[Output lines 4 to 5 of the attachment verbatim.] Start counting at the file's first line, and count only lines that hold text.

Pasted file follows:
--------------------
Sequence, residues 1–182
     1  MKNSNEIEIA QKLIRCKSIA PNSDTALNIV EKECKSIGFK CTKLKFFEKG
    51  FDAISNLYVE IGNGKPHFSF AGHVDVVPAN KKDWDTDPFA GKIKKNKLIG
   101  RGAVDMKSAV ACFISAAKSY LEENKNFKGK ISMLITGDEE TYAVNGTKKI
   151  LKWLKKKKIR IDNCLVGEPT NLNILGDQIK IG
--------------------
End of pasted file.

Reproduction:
   101  RGAVDMKSAV ACFISAAKSY LEENKNFKGK ISMLITGDEE TYAVNGTKKI
   151  LKWLKKKKIR IDNCLVGEPT NLNILGDQIK IG